Building Societies


T

Terry D

I fail to understand how any building society can run into financial
problems because of their pathetic interest rates on some of their savings
accounts. For example, my own building society (Darlington) pays an AER of
only 0.1% on one of its 'savings' accounts. I realise that anybody with
sense would avoid such accounts and select one with a higher interest rate,
but there must be billions invested at these low interest rates by people
who don't know better - probably a large proportion of them are queuing
outside Northern Rock Branches at this very moment.

If building societies can borrow at 0.1% and then lend at 7-8% on mortgages,
how can they fail? Perhaps they do squander a lot on prestige high street
branches but even this can hardly explain such a huge deficit as the
Northern Rock has revealed.

In the news this morning, a Northern Rock manager was barricaded in his
office until police arrived, when somebody tried to withdraw a million
pounds from their account, and he refused. Anybody who would invest this
amount in a single building society, probably at a fairly low interest rate,
must be a complete fool.

Departing customers from Northern Rock branches must be a mugger's
paradise! - loads of elderly investors with wallets full of £50 notes.
Would you take a cheque instead of cash?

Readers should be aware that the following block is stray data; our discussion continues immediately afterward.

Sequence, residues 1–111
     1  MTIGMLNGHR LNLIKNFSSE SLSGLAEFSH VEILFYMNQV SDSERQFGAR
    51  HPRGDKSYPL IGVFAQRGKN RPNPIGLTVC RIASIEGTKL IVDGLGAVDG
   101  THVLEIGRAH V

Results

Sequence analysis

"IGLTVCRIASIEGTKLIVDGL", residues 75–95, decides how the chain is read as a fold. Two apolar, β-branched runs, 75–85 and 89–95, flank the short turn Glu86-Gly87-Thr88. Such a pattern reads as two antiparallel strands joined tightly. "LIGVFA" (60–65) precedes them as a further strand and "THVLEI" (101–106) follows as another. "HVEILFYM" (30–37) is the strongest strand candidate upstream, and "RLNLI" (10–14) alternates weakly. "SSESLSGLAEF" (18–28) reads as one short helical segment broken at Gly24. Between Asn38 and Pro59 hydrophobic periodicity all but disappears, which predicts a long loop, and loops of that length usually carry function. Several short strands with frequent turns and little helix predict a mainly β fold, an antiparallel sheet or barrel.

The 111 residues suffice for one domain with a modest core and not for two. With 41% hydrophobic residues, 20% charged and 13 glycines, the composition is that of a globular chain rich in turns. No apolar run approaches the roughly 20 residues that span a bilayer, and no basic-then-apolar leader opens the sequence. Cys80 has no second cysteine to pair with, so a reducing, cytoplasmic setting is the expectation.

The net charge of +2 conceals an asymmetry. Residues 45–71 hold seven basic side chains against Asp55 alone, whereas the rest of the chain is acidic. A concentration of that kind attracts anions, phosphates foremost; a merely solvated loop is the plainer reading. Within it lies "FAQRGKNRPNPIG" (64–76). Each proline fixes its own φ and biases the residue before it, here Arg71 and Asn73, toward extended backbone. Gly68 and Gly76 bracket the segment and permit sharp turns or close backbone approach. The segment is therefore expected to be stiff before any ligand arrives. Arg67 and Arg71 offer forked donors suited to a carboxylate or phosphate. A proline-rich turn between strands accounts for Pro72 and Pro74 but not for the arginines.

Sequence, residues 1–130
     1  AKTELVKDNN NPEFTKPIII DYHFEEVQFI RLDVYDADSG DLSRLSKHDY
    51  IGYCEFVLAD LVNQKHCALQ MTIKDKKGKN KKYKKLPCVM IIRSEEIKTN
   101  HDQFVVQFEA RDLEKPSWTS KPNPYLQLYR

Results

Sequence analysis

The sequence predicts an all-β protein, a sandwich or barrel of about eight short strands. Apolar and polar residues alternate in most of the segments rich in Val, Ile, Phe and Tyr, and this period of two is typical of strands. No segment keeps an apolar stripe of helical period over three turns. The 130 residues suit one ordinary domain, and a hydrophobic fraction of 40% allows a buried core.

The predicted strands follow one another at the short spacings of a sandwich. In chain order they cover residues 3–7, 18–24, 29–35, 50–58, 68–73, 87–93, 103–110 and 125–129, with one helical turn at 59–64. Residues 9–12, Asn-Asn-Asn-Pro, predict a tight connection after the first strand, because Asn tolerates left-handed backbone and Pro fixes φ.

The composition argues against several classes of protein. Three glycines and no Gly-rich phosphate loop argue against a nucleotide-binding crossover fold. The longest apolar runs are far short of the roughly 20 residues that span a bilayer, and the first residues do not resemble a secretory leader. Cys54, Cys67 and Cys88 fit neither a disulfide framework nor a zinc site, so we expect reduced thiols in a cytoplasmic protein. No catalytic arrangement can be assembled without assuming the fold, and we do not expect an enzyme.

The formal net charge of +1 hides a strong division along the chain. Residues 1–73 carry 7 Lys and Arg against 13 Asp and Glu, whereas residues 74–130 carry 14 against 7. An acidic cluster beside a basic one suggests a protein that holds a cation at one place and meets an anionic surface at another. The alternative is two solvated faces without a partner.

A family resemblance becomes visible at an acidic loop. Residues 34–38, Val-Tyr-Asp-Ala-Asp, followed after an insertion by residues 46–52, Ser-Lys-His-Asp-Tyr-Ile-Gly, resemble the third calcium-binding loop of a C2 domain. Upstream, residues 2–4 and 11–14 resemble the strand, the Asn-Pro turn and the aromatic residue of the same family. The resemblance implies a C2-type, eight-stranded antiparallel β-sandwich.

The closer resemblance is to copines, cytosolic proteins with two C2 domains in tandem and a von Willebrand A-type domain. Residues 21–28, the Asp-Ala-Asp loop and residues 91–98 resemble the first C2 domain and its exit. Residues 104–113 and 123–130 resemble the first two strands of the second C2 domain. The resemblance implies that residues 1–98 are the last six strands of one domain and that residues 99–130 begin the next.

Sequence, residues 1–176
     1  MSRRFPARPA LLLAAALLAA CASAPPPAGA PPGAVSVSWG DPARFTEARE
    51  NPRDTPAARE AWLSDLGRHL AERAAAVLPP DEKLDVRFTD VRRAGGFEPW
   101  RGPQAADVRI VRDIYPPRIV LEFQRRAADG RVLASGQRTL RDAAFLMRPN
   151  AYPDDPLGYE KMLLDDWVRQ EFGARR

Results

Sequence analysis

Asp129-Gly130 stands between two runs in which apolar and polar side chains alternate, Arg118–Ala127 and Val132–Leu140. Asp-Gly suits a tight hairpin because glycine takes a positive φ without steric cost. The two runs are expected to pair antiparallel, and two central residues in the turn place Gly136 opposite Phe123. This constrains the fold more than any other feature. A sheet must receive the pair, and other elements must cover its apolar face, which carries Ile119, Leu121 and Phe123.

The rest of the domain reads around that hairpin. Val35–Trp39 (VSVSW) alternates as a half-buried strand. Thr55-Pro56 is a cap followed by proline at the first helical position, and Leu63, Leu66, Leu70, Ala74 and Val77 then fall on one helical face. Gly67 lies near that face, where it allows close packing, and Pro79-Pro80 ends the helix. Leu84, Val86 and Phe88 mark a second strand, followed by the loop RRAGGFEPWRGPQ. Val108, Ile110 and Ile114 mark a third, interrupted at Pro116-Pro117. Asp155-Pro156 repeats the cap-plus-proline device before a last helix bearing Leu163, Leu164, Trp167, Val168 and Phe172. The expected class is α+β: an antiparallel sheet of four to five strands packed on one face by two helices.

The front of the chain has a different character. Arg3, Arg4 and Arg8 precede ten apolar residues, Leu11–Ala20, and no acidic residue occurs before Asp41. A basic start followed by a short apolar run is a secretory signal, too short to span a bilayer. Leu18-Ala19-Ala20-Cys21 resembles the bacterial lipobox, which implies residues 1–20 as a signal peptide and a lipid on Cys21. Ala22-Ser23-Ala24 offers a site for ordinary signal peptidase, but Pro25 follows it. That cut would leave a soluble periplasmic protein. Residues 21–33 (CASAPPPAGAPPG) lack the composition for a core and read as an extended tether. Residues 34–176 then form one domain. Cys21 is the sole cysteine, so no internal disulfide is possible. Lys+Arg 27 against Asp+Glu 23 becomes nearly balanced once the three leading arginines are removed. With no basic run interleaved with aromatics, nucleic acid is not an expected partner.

Terry D.
 
Ad

Advertisements

R

Robin T Cox

I fail to understand how any building society can run into financial
problems because of their pathetic interest rates on some of their savings
accounts. For example, my own building society (Darlington) pays an AER of
only 0.1% on one of its 'savings' accounts.
Northern Rock is no longer a building society but a bank.

http://en.wikipedia.org/wiki/Northern_Rock
 
J

John Boyle

Terry D said:
I fail to understand how any building society can run into financial
problems because of their pathetic interest rates on some of their savings
accounts. For example, my own building society (Darlington) pays an AER of
only 0.1% on one of its 'savings' accounts. I realise that anybody with
sense would avoid such accounts and select one with a higher interest rate,
but there must be billions invested at these low interest rates by people
who don't know better - probably a large proportion of them are queuing
outside Northern Rock Branches at this very moment.

If building societies can borrow at 0.1% and then lend at 7-8% on mortgages,
how can they fail? Perhaps they do squander a lot on prestige high street
branches but even this can hardly explain such a huge deficit as the
Northern Rock has revealed.
Northern Rock isnt a building society its a bank.

It doesnt borrow much dosh from clients at all, only 24% of its funding
comes from retail depositors, the rest comes from the money markets at
commercial rates.

The Darlington Building Societies cost of shareholders funds (i.e. the
rate it pays out overall) seems to be between 3.5 & 4% and only about 7%
of its funding comes from sources other than customers.
In the news this morning, a Northern Rock manager was barricaded in his
office until police arrived, when somebody tried to withdraw a million
pounds from their account, and he refused. Anybody who would invest this
amount in a single building society, probably at a fairly low interest rate,
It was an internet account at a high rate. They were refused because the
T&Cs of the internet a/c make it clear that branch transactions are not
allowed.
must be a complete fool.
I agree I wouldnt put that much dosh with one institution, but people
always went more and more and forget that interest is paid in return for
risk.
 
T

tim.....

John Boyle said:
Northern Rock isnt a building society its a bank.

It doesnt borrow much dosh from clients at all, only 24% of its funding